Holley: I was just going to add that I agree fully and I also think the ecosystem does have enough room for a lot of players. So in the scenario that was just mentioned, clearly the device manufacturers are going to win, the platform providers are going to win as well, but also the organizations that provide to consumers. So if we look at medical facilities, hospitals, it’s a big win for them in terms of lowering costs, in terms of better diagnostics, in terms of better healthcare. If we look at the cross-industry relationships that will grown in terms of healthcare and, let’s say, grocery chains, there will be a big win for those two in terms of perhaps more healthy eating. The scenario you described, in terms of wanting to get data, and not just data, insights is actually what you’re looking for, which is what Trae mentioned, insights that would actually improve your life. So the consumer wins, the organizations that provide those insights win, and those organizations are going to be multifaceted, they’re not going to be just one industry; it’s going to be multi-industries.

Bruner: And Frank, as an investor, are you interested in the platforms or in the companies that own the user experience?

Chen: Well, you hit upon probably the most active debate that we have internally about this right now, which is, is it horizontal? Is there going to be an Android of the Internet of everything? And there’s this base software and then lots of people innovate around it. Or is it going to be vertical? So companies like Nest who, you know, Tony Fadell pops out of Apple and builds exactly what you would expect an Apple alumni to build around thermostats: beautiful, engaging, completely hermetically sealed. It’s not a platform to run other people’s software. And that is really fundamentally the biggest question, which is where is the value going to emerge? And as an investor, you’re trying to pick the place where all the value gets created and I would say, look, it’s an open question right now. In the long sweep of our industry, openness and horizontal has won. Now, over the last five years we have this blip where the most valuable company on the planet got created on vertical, which is, “I’m really in charge of my ecosystem.” And so for the first time, Apple demonstrated that you can build a ton of value by tightly controlling everything from the operating system to the store to payments to the end user experience. So it’s an open question and the one that we are most actively debating internally right now.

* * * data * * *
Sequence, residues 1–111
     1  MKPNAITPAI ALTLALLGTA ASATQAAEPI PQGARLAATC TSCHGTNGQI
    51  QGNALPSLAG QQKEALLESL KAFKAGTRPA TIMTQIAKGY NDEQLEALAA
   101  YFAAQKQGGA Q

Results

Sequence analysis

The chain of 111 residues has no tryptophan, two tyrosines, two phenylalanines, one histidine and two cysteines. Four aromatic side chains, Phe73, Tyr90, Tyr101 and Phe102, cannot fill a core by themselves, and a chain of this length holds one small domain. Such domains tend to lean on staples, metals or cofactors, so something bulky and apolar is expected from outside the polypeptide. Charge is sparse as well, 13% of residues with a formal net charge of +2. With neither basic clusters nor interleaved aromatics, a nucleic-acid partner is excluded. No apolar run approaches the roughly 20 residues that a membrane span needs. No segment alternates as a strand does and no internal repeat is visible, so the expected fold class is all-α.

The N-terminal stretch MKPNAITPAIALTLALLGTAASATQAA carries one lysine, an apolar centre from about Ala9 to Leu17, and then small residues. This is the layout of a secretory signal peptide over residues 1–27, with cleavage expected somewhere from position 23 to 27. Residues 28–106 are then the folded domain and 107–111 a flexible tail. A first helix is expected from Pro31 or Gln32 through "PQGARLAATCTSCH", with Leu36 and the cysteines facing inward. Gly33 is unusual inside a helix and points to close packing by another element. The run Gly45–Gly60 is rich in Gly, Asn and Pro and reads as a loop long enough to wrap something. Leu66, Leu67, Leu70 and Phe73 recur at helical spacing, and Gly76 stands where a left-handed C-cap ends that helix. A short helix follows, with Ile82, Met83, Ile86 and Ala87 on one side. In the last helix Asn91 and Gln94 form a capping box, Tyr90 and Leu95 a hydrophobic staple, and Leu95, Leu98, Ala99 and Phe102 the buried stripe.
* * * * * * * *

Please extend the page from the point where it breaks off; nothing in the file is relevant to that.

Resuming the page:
Icke: I would just add that I think the user experience has to be mindlessly simple for this to be broadly adopted. So you’re not going to be able to neglect the user experience and even if there are collaborations and an open environment, a set of standards where people are collaborating, the user experience to move beyond the early adopters has to be super simple. And that is not an easy problem, especially when you start looking at things like healthcare.

Bruner: And on the continuum between a sort of point solution and a platform, where is MC10?

Icke: Well, it depends how broadly you define the problem. If you think about connected health, there are lots of companies that are doing wireless connectivity and smart phone apps and big data in the cloud and trying to derive the insight back to the user. We’re focused on seamless sensing, which is kind of the frontend input to that, and really lowering the hurdles for doing that. We’re trying to do that across a number of different problems and industries. So we think of ourselves as a platform technology but we have a very focused piece of that overall solution that we’re contributing to.